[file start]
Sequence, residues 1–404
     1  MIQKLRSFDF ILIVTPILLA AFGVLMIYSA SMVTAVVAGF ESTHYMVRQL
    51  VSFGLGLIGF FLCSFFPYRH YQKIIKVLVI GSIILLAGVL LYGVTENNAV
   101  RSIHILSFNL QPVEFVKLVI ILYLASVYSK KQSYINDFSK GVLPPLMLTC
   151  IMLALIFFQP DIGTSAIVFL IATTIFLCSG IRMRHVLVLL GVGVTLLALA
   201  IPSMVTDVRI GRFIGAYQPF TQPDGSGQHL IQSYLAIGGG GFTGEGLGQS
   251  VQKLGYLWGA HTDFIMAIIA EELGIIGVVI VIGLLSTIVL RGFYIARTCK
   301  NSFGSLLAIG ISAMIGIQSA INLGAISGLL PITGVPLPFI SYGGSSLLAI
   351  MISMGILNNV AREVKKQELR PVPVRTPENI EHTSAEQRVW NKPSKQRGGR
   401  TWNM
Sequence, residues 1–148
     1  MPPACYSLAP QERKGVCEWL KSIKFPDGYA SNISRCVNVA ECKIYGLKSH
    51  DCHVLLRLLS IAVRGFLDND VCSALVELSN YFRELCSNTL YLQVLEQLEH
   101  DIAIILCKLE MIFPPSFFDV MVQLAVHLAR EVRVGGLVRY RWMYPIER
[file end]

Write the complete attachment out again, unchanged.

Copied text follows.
Sequence, residues 1–404
     1  MIQKLRSFDF ILIVTPILLA AFGVLMIYSA SMVTAVVAGF ESTHYMVRQL
    51  VSFGLGLIGF FLCSFFPYRH YQKIIKVLVI GSIILLAGVL LYGVTENNAV
   101  RSIHILSFNL QPVEFVKLVI ILYLASVYSK KQSYINDFSK GVLPPLMLTC
   151  IMLALIFFQP DIGTSAIVFL IATTIFLCSG IRMRHVLVLL GVGVTLLALA
   201  IPSMVTDVRI GRFIGAYQPF TQPDGSGQHL IQSYLAIGGG GFTGEGLGQS
   251  VQKLGYLWGA HTDFIMAIIA EELGIIGVVI VIGLLSTIVL RGFYIARTCK
   301  NSFGSLLAIG ISAMIGIQSA INLGAISGLL PITGVPLPFI SYGGSSLLAI
   351  MISMGILNNV AREVKKQELR PVPVRTPENI EHTSAEQRVW NKPSKQRGGR
   401  TWNM
Sequence, residues 1–148
     1  MPPACYSLAP QERKGVCEWL KSIKFPDGYA SNISRCVNVA ECKIYGLKSH
    51  DCHVLLRLLS IAVRGFLDND VCSALVELSN YFRELCSNTL YLQVLEQLEH
   101  DIAIILCKLE MIFPPSFFDV MVQLAVHLAR EVRVGGLVRY RWMYPIER